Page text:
Fake rice concerns


  • Community
  • Friday, 22 May 2015

No fakes here: Rice being scooped up from the bag.

DAYS after news on the controversial fake rice possibly reaching the shores of Asian nations broke, Ipoh folk seem not too bothered about it.

While a handful of them were aware of the deadly plastic rice containing dangerous resin and hoped for extra measures to be taken to stop it from entering Malaysian market, some did not think much about the news.

Some were also not aware of it.

MetroPerak spoke to several sundry shopkeepers, hawker stall owners and consumers to find out how much they knew about the rice, and what should be done to counter it.

Sundry shop owner Jimmy Phuan, 54, said he felt worried when he read about the fake rice in newspapers.

“If you read about something dangerous like this, wouldn’t you feel worried as well?

“Although I feel Malaysian rice sellers rarely buy from China suppliers, I am scared that certain people might push for the rice to be sold here by mixing the fake with the real rice.

“We can only rely on our Government to check every packet of rice coming into the country properly,” he said at his shop in Gunung Rapat.

Piping hot: Rice being steamed inside a steam cooker at a shop in Ipoh. — filepic
Piping hot: Rice being steamed inside a steam cooker at a shop in Ipoh. — filepic

Asked if he knew how to identify the fake rice, Phuan, who normally sourced his rice from Thailand and local suppliers, said no.

“I’ve never seen fake rice before, which makes this all the more scarier if it comes into our market.

“I hope that will never be the case,” he said.

Meanwhile, another sundry shop owner, who wished to be known only as Pang, 40, said he had heard about the news, but wasn’t worried about the fake rice making its way to his suppliers, and ultimately, his business.

“We buy rice mostly from our Taiping supplier, and I’m sure that if the rice had entered Malaysia, the Government would have detected it at customs first.

“As far as I know, most sundry shop owners don’t buy rice from China, mostly only Thailand,” he said.

It was reported recently in The Star that news of fake rice being sold in China markets have gone viral on social media.

Not easy to spot: Sundry stall owners are saying that it would be hard to differentiate fake rice from normal rice.
Not easy to spot: Sundry stall owners are saying that it would be hard to differentiate fake rice from normal rice.

The plastic rice, reportedly made from potatoes, with synthetic resin moulded into the shape of rice grains, is said to have made its way into countries with large rural populations such as India, Indonesia, Vietnam and lately, Singapore.

Health experts and dieticians have warned that consuming such fake grains could be lethal and seriously damage the digestive system.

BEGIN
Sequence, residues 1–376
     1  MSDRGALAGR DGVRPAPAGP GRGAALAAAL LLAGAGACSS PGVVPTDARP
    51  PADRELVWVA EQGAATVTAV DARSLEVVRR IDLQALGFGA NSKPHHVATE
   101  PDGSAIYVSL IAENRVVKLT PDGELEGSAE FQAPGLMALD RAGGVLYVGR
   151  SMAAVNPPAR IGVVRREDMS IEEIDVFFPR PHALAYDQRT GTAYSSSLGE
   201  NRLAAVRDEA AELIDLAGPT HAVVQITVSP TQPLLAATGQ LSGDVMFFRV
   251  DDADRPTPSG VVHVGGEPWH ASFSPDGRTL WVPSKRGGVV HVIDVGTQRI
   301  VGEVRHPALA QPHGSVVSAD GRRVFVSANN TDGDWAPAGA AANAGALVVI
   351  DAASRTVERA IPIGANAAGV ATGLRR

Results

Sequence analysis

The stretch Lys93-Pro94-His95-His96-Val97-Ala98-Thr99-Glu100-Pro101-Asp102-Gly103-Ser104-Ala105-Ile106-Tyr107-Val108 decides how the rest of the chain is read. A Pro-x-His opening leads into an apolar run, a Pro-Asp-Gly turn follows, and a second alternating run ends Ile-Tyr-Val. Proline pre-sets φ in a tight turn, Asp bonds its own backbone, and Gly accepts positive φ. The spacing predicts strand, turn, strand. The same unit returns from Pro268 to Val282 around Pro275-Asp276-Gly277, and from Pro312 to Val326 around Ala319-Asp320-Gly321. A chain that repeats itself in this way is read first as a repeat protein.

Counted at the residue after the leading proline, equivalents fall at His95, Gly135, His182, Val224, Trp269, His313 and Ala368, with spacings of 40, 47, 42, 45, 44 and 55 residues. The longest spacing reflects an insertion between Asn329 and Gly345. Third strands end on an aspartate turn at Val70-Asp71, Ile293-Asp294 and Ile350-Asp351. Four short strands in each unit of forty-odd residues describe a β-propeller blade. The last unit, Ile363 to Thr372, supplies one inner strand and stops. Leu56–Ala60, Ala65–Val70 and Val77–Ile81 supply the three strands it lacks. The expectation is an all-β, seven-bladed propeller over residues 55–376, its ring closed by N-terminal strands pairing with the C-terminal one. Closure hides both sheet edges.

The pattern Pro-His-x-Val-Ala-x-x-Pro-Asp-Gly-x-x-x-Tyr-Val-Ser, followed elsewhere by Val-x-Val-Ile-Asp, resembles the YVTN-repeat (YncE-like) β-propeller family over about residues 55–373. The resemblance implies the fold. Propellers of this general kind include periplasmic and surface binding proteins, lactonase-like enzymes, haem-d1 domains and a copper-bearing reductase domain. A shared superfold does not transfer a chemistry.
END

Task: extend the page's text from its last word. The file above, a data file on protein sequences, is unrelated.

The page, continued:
Domestic Trade, Consumerism and Cooperatives Minister Datuk Seri Hasan Malek gave his assurance that they will conduct their investigations, and that they would focus on small sundry shops to check whether they were selling the fake rice, especially in the outskirts and rural areas.

As for hawker stall owners, 46-year-old Hung Kok Leong said he vaguely remembered reading about the news on Facebook.

What can I get you: Hung (right) serving a customer at his economy rice stall in Restoran Chung Wah in Ipoh.
What can I get you: Hung (right) serving a customer at his economy rice stall in Restoran Chung Wah in Ipoh.

“I actually never really thought much about it after reading it.

“I just hope that our Government will do what they can to make sure that this rice from China doesn’t get into our country,” he said, adding that he usually gets rice for his economy rice business from sundry stores.

Fellow hawker stall owner Daniel Fadzly, 37, too gets rice for his business from sundry stores.

“I haven’t heard about this news, but I think the Government should step forward and stop fake rice from coming into Malaysia.

“Otherwise the rakyat will suffer, if this rice is as dangerous as they claim,” he said.

For consumers, a 55-year-old homemaker who wished to be known only as Cheong said she did not think that the news about fake rice was true.

“I really think this is all just made up, because rice is not an expensive commodity in the first place.

“Don’t you think the manufacturing process of fake rice would actually be more costly than real rice?” she said.

Cheong also questioned the methods fake rice penetrated the market in other countries.

“If fake rice does exist, maybe they could be selling it to sundry stores and rice merchants at a very low cost.

“What I’m afraid of is that store owners and the merchants themselves might play a part in this by mixing the fake in with real rice just to sell it off,” she said.

Retiree and former banker Zahrol Fauzi, 61, said the existence of fake rice is worrisome because this shows how far people would go to maximise profits.

“They no longer care about the consumers.

“As long as money is going into their pockets, everything is fine for them,” he said.

Zahrol added the Malaysian government must investigate this news.

“We are only the laymen, we wouldn’t know how to differentiate the plastic from normal rice if we were buying them.

“We can only depend on the Government and expertsto inspect the rice for us,” he said.

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Family & Community , Perak , fake rice , china

   

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